- Produced Olympus Optical Co. Ltd., Tokyo, Japan
- Film type 135 (35mm)
- Picture size 24mm x 36mm
- Lens D.Zuiko 40mm 1:2.8-22 (4 elements in 3 groups)
- Focal range 3′ to infinity
- Filter size 43.5mm screw-in (45mm slip-on)
- Shutter Olympus between-lens
- Shutter speeds 1/40 or 1/200 aperture-priority AE (or full automatic)
- Viewfinder albada with separate settings window
- Exposure meter selenium cell
- EV range 8-17 @ ASA 100
- ASA 25-400
- PC sync
- Hot shoe (M sync?)
- Thumbwheel winder
For quite some time I thought this was a rangefinder! I don’t know why now, it’s pretty obvious that it’s not if you look closely. It’s an aperture-priority scale/symbol focus compact with automatic eposure mode and a selenium cell meter. Nicely compact and with Olympus’ usual good build quality. Not quite small enough to fit in a pocket like the XA2, but a nice size nevertheless. In fact, it’s almost exactly the same size as the C35 and its bretheren, but with a slightly more pronounced lens.
Neat feature – the selected focus range symbol AND the aperture setting appears in a small window in the viewfinder so you can change settings while still holding the camera to your eye, framing your subject. (Wish I’d noticed this during my test roll.)
When there’s not enough light a red symbol pops up in the viewfinder and the shutter is locked. Use a flash: set to the appropriate manual f-stop for your subject distance, and the shutter sets itself to 1/40. Check distance vs. the meter/feet scale under the lens for more accuracy. The manual specifies that electronic flash should be used with the PC sync and a cord, not with the hotshoe which apparently is synced for bulbs, not speedlights. Good to know!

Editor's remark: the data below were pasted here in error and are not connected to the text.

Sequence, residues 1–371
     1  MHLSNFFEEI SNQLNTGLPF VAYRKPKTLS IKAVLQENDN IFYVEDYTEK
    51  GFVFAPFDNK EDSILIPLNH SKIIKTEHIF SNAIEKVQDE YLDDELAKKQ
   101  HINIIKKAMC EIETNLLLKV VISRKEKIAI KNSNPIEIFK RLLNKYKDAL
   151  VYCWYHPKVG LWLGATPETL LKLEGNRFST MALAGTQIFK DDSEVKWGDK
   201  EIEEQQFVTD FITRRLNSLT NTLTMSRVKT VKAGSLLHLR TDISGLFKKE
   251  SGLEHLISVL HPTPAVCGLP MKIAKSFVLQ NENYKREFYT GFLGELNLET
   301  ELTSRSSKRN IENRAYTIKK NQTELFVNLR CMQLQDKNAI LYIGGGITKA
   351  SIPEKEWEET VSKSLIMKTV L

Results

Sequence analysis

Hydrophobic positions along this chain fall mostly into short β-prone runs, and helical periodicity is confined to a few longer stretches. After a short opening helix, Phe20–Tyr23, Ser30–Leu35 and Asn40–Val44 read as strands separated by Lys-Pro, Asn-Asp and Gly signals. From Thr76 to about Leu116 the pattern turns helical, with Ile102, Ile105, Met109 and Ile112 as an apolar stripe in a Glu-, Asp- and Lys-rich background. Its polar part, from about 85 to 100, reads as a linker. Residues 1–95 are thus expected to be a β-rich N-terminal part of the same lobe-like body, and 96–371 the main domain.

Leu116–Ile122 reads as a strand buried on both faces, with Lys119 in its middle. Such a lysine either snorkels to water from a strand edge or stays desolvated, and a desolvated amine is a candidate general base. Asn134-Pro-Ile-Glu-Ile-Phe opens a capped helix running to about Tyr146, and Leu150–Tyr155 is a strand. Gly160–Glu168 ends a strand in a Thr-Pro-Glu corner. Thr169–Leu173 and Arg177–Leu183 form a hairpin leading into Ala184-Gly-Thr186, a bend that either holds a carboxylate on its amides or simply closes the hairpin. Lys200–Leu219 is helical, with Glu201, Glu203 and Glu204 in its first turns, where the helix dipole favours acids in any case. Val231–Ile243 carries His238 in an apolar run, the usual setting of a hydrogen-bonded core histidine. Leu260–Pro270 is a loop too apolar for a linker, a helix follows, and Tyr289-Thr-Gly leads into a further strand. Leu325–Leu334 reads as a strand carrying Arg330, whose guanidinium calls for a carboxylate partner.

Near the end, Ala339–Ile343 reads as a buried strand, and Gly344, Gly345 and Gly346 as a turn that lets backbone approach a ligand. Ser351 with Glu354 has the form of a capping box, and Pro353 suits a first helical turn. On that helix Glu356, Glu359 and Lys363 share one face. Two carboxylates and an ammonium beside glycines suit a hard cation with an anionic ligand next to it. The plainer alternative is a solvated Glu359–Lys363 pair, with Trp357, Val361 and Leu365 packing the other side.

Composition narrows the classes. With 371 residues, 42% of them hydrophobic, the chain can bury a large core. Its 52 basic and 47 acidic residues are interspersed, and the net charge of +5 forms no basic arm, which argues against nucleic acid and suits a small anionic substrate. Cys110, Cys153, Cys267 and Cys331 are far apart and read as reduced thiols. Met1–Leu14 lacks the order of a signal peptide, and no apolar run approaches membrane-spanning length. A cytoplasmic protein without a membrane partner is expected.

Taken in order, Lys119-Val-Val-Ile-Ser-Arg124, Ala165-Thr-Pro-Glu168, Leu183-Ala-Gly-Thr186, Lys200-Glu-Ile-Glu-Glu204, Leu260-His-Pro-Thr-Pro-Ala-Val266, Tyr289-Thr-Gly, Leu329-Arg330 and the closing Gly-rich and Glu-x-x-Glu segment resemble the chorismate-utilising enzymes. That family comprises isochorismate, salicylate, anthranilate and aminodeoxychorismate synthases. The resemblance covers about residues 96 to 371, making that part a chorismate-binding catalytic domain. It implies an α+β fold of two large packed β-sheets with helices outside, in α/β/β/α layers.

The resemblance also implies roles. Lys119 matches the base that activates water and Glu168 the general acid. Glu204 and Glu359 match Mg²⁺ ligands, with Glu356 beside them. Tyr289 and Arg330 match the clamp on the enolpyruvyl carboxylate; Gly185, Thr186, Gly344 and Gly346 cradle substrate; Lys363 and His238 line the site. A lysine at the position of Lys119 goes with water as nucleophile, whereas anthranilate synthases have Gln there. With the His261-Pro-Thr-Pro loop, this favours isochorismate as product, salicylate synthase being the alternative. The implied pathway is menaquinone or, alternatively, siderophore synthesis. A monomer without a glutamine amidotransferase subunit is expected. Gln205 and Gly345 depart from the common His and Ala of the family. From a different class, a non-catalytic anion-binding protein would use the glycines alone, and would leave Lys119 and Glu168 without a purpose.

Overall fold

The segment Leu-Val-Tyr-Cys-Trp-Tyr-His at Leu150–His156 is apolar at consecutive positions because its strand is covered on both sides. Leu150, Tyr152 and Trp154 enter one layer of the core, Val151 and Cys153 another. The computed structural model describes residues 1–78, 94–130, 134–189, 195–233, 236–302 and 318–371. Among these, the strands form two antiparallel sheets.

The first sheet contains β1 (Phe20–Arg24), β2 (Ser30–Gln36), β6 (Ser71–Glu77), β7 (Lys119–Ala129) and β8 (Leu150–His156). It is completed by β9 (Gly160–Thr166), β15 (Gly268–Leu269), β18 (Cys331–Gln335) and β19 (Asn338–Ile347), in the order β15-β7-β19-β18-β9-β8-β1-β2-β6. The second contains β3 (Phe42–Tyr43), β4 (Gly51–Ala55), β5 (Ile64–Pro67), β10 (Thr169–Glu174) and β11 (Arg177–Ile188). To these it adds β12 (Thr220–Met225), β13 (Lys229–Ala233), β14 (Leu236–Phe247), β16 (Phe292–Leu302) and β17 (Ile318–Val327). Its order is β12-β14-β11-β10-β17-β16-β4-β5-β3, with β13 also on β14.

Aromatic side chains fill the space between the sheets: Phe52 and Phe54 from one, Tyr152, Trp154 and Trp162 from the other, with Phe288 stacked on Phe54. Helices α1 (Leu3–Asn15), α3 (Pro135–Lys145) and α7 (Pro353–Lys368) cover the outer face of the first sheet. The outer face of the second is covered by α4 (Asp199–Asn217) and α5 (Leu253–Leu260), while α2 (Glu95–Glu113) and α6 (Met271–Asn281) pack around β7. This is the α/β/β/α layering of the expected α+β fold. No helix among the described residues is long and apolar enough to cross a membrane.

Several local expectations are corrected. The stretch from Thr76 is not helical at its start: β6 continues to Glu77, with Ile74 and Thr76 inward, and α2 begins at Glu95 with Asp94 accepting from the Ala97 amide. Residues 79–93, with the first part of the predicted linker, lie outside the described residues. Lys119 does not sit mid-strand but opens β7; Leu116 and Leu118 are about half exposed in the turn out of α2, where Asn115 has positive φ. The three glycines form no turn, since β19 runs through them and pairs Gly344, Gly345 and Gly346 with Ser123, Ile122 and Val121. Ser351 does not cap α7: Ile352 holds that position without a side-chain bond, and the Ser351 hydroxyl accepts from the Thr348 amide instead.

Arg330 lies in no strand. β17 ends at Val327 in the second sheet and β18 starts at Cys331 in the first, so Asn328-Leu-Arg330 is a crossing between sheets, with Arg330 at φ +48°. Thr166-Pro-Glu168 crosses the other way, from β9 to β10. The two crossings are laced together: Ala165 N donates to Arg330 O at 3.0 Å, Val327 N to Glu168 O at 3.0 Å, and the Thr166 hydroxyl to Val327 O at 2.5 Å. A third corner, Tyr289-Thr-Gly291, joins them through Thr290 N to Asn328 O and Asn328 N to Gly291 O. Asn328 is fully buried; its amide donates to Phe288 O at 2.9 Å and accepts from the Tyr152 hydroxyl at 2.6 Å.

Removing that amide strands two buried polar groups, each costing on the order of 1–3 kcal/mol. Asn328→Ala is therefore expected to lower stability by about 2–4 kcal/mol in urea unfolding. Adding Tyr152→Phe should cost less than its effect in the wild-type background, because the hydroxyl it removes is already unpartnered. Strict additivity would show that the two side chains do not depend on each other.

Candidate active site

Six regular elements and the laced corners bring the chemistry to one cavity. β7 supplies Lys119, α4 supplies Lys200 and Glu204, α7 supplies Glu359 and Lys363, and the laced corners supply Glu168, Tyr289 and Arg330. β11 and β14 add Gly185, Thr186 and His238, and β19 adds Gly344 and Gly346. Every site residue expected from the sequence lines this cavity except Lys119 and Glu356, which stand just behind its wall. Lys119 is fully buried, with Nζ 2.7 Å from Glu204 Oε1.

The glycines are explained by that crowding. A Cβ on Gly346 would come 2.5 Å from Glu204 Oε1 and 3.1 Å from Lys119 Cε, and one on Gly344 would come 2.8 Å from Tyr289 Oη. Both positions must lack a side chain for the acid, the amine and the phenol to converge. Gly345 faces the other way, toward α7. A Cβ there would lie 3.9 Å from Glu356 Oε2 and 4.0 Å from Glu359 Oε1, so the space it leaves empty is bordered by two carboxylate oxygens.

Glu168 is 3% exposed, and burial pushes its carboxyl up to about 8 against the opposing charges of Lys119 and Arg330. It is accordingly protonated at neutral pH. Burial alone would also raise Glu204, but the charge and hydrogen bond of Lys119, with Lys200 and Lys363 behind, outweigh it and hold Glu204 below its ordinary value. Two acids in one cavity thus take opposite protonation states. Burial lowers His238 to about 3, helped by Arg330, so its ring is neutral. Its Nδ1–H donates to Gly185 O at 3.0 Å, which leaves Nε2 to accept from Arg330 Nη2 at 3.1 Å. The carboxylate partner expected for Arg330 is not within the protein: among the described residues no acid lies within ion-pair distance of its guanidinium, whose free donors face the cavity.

This underrated little shooter has a soft spot in my heart, not just for being a gem of a classic but for getting me out of a parking ticket. I happened to have it on me one day when I had to drive in to work before dawn to work on some computers. When I finished what I was working on and got back to my car I had a ticket for parking in a no parking area, only the adjacent sign that I didn’t see in the dark was faded to the point of being completely unreadable! I snapped a picture of the sign with the Trip and sent it to the SF Parking Department with a letter and a month and a half later they dismissed the ticket. I was a little worried that they would think it was fishy since it was b/w film and I printed it myself, but it all worked out. They sent the print back too.
Sidebar to the sidebar — on the way home that same day I stopped at the Golden Gate Bridge to shoot some more, and a couple of tourists got my attention to take their picture with their camera. After I took their picture another small group handed me their camera, and before I knew it I was there for twenty minutes as tourist after tourist asked me to take a picture of them with their camera! Eventually I just had to leave!
Quick and dirty light seal replacement on the hinge with self-adhesive black felt, I didn’t see any other seals frankly but added a small strip on the door on the latch side for good measure. Otherwise very clean.
Tips & Tricks
Back opens with a catch on the side of the camera, not with the lifting of the rewind knob. Also, a slip-on cap is recommended for preserving the selenium cell. I don’t have one that will stay on, however.